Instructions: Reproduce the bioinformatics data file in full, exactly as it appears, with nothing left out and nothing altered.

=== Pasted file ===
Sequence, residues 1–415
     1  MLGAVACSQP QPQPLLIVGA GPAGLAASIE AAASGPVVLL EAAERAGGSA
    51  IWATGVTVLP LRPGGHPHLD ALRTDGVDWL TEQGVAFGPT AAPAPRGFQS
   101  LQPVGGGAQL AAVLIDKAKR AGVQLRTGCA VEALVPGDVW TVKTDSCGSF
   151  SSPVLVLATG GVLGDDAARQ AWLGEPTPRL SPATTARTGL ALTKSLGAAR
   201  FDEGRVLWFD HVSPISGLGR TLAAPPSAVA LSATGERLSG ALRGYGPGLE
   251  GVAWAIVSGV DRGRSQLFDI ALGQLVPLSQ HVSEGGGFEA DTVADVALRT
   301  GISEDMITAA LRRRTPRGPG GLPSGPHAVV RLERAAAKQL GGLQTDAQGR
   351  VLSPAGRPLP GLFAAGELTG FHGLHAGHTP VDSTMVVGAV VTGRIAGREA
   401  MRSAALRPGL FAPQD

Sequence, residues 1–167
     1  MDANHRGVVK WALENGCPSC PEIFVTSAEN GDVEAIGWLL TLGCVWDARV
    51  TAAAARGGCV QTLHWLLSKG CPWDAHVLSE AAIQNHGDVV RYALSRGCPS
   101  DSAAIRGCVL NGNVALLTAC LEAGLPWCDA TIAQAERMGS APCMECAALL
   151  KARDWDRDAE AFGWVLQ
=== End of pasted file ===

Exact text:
Sequence, residues 1–415
     1  MLGAVACSQP QPQPLLIVGA GPAGLAASIE AAASGPVVLL EAAERAGGSA
    51  IWATGVTVLP LRPGGHPHLD ALRTDGVDWL TEQGVAFGPT AAPAPRGFQS
   101  LQPVGGGAQL AAVLIDKAKR AGVQLRTGCA VEALVPGDVW TVKTDSCGSF
   151  SSPVLVLATG GVLGDDAARQ AWLGEPTPRL SPATTARTGL ALTKSLGAAR
   201  FDEGRVLWFD HVSPISGLGR TLAAPPSAVA LSATGERLSG ALRGYGPGLE
   251  GVAWAIVSGV DRGRSQLFDI ALGQLVPLSQ HVSEGGGFEA DTVADVALRT
   301  GISEDMITAA LRRRTPRGPG GLPSGPHAVV RLERAAAKQL GGLQTDAQGR
   351  VLSPAGRPLP GLFAAGELTG FHGLHAGHTP VDSTMVVGAV VTGRIAGREA
   401  MRSAALRPGL FAPQD

Sequence, residues 1–167
     1  MDANHRGVVK WALENGCPSC PEIFVTSAEN GDVEAIGWLL TLGCVWDARV
    51  TAAAARGGCV QTLHWLLSKG CPWDAHVLSE AAIQNHGDVV RYALSRGCPS
   101  DSAAIRGCVL NGNVALLTAC LEAGLPWCDA TIAQAERMGS APCMECAALL
   151  KARDWDRDAE AFGWVLQ